By Laura Hinze
German society today expects migrants to form organisations of their own and wants such organisations to have a bearing on political discourse. According to Dietrich Thränhardt of Münster University, the irony of the matter is that migrants are told to organise in Germany, but when they do so, they are often blamed for living in some kind of a parallel society. In Thränhardt’s view, pluralism and open-mindedness are essential for integration.
The Deutsche Paritätische Wohlfahrtsverband (DPWV) is an umbrella organisation for charitable organisations. Many migrants associations join it. Ercüment Toker works for the DPWV and says that most of the associations concerned aspire to professionalism, want to make a positive contribution in integration affairs and are prepared to assume responsibility. The wish to participate in public life is strong, he adds.
Karin Weiss, who works for the state government of Brandenburg in East Germany, warns however that many migrant organisations are overburdened fast: “They are supposed to take care of everything, from child care to fighting terrorism.” That kind of agenda is too demanding, she argued at a conference that was hosted by the Catholic Akademie Franz Hitze Haus and the Friedrich-Ebert-Foundation in Münster in late August.
About 10 % of the migrants in Germany do voluntary work, according to data from the Federal Office for Migrants and Refugees. Most are said to be active in faith-based and cultural organisations. The Office states that young people and women are statistically under-represented.
Impact on countries of origin
Migrants’ activities in rich nations can have an impact on the countries of origin. Alevi organisations are an example. Their faith developed from Shia Islam and is quite common in Turkey. However, the Turkish state and the Sunni majority in Turkey do not acknowledge Alevism. Handan Aksünger, who lectures at Hamburg University, says that many Alevis became more assertive after leaving Turkey as being able to express their religious beliefs in public boosted their self-confidence. Some have become interested in inter-faith exchange with people from other religions. Today Alevis in Turkey are becoming more assertive thanks to the experience made by relatives and friends abroad, Aksünger argues.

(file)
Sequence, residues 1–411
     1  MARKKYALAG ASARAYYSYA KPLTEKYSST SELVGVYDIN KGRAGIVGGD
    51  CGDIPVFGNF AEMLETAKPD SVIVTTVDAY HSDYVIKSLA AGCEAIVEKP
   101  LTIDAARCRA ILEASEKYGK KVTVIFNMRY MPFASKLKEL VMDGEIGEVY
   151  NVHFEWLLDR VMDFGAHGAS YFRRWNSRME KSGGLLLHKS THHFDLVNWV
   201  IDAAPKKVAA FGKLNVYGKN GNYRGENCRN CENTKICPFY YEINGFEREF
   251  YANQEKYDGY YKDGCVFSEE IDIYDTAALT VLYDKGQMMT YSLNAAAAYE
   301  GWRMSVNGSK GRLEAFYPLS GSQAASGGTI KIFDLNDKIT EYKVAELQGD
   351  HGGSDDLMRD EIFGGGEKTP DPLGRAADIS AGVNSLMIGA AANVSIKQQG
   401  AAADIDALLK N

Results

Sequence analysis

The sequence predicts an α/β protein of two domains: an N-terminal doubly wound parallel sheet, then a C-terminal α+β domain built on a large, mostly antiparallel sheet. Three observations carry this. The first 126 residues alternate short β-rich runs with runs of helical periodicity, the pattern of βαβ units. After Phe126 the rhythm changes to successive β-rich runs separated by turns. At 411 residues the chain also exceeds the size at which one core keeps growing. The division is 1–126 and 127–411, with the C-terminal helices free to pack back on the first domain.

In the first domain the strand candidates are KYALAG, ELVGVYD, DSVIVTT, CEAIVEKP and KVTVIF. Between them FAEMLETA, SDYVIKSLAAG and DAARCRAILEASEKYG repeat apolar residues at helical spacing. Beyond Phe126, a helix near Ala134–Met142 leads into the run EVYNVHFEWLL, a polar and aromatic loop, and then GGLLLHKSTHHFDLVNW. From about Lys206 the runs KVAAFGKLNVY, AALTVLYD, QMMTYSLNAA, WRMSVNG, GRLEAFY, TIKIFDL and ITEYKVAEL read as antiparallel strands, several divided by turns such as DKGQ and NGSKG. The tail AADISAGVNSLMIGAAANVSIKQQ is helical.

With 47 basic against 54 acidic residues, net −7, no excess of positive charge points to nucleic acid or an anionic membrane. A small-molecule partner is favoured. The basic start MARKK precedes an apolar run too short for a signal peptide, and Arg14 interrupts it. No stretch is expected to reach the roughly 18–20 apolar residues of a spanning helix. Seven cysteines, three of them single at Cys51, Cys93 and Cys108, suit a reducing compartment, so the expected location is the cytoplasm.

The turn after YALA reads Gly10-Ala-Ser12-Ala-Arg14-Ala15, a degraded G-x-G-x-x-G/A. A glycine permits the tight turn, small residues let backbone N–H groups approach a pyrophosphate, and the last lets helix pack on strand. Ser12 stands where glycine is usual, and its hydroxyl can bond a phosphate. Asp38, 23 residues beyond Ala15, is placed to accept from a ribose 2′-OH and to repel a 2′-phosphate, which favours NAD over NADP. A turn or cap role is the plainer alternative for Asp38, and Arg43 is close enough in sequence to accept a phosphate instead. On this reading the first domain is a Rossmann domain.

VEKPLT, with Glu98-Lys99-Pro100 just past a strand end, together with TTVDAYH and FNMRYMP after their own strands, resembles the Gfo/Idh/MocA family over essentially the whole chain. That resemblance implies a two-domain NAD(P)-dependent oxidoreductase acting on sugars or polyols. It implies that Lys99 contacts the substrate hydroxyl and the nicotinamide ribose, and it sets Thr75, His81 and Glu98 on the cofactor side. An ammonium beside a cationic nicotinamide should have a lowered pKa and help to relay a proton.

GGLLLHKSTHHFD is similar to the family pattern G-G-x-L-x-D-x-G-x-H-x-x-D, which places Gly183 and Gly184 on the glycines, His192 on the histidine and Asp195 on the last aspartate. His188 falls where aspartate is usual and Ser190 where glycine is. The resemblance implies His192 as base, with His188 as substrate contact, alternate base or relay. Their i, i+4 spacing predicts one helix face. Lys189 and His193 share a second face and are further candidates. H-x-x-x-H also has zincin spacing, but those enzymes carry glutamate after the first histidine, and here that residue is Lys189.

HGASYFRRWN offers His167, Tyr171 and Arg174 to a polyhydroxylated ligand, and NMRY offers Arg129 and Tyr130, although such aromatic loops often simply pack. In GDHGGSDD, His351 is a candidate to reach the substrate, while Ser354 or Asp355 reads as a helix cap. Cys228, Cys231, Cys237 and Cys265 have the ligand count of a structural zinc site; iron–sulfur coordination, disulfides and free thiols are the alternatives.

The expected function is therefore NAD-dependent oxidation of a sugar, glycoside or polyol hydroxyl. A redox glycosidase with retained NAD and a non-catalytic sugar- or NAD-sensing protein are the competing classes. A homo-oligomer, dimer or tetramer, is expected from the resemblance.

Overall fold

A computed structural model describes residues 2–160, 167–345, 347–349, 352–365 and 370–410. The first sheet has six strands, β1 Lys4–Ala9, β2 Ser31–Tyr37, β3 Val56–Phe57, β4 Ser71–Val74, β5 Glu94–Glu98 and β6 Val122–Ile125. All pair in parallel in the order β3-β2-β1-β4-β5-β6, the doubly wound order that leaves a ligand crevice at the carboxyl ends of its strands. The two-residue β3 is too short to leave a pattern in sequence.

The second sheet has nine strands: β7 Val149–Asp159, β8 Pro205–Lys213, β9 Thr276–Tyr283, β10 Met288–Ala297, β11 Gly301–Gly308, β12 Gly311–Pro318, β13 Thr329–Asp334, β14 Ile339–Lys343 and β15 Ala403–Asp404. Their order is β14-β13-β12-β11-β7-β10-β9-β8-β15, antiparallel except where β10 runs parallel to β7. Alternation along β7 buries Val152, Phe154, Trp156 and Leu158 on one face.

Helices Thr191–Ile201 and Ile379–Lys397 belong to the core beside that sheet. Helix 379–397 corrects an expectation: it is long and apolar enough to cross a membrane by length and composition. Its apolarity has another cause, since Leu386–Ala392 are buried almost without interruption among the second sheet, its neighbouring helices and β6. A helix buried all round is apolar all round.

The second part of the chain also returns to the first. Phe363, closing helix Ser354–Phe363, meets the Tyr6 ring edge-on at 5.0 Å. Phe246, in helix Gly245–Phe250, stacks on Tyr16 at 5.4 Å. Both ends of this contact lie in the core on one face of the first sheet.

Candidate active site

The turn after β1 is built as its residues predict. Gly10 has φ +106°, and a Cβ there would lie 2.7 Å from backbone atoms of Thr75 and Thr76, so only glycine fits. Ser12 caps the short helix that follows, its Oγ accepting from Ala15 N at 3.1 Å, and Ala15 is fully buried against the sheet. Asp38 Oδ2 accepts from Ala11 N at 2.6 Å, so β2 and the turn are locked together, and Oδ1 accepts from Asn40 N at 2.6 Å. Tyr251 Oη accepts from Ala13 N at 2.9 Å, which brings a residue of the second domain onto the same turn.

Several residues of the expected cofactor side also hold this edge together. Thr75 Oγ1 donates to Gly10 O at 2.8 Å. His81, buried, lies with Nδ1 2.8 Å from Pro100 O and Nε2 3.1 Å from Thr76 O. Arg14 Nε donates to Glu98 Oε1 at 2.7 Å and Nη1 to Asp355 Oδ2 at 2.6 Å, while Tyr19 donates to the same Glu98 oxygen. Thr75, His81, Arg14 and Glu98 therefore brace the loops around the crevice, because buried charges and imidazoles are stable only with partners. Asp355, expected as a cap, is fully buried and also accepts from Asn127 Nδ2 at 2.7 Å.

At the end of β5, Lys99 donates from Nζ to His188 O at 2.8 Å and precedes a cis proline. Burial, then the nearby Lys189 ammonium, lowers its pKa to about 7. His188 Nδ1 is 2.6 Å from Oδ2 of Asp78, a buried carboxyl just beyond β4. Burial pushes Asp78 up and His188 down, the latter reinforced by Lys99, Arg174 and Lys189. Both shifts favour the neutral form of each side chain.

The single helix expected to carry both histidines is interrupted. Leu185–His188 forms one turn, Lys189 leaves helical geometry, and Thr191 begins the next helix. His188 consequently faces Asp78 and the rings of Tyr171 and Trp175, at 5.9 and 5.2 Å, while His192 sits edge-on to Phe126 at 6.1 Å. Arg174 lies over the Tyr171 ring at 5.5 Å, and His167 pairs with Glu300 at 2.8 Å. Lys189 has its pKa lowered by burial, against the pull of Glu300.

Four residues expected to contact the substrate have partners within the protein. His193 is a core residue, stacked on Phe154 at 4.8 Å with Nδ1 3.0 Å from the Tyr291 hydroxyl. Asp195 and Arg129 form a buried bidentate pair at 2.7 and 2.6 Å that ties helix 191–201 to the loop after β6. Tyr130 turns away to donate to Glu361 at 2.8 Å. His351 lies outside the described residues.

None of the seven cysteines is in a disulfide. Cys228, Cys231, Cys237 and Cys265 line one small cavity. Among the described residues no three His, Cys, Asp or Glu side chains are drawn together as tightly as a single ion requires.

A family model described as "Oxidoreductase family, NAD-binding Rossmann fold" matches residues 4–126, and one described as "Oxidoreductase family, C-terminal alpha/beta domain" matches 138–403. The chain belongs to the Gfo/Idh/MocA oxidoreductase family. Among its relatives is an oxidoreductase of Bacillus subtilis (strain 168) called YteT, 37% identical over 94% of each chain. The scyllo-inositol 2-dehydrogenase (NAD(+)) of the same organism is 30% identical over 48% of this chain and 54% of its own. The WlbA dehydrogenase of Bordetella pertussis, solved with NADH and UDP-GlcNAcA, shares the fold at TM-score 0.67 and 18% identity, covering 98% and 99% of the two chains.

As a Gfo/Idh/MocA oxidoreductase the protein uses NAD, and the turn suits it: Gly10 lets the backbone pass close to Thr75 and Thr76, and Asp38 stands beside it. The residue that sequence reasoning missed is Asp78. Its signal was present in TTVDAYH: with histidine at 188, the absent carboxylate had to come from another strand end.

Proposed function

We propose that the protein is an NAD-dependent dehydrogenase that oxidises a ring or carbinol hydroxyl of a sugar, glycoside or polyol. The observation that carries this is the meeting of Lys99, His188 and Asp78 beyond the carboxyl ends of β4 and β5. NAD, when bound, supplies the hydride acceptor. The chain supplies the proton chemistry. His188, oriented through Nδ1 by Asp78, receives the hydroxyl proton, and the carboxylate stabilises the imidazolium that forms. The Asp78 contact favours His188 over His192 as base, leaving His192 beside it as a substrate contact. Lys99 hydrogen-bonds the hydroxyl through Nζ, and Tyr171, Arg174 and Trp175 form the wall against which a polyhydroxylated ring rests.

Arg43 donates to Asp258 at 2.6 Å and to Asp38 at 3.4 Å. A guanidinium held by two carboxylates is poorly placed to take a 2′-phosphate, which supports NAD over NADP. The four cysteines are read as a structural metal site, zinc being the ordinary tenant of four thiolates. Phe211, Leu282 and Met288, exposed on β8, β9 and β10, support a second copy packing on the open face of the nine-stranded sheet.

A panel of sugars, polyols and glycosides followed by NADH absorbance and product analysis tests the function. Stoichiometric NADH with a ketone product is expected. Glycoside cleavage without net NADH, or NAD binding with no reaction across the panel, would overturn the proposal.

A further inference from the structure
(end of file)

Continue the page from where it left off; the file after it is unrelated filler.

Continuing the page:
Experts hope that migrants will contribute to more tolerance, the acceptance of democratic principles and development in general in their countries of origin (please note essay by Rahim Hajji and Soraya Moket on the Moroccan diaspora on p. 388 f.). Such hopes have indeed materialised in Iraq, says Menderes Candan, a PhD student at Münster University. After the war started in 2003, the number of Iraqi organisations in Germany increased fast, he reports. Earlier, Iraqis in Germany had preferred to keep a low profile because they feared Saddam Hussein’s dictatorship.
Candan points out that diaspora organisations are helping to rebuild Iraq today. Their contributions include remittances, knowledge transfer and direct investments. Migrants who return to their country of origin promote democratic ideas, Candan says, and they play a role in state building. He regrets that the German government does not make use of such opportunities in the context of its international development policy. He advises the government to systematically promote migrants’ organisations.
Experience, however, shows that migration does not always lead to more open-mindedness. Another likely result is a stronger emphasis on identity politics. Bekim Agai, who lectures at Bonn University, says that migrants from predominantly Muslim countries often are only “made Muslims in the social sense” once they are abroad. Their self-perception changes, and they become more prone to defining themselves by their faith. One reason why parallel societies emerge, Agai reasons, is that mainstream society does not easily allow migrants to join it.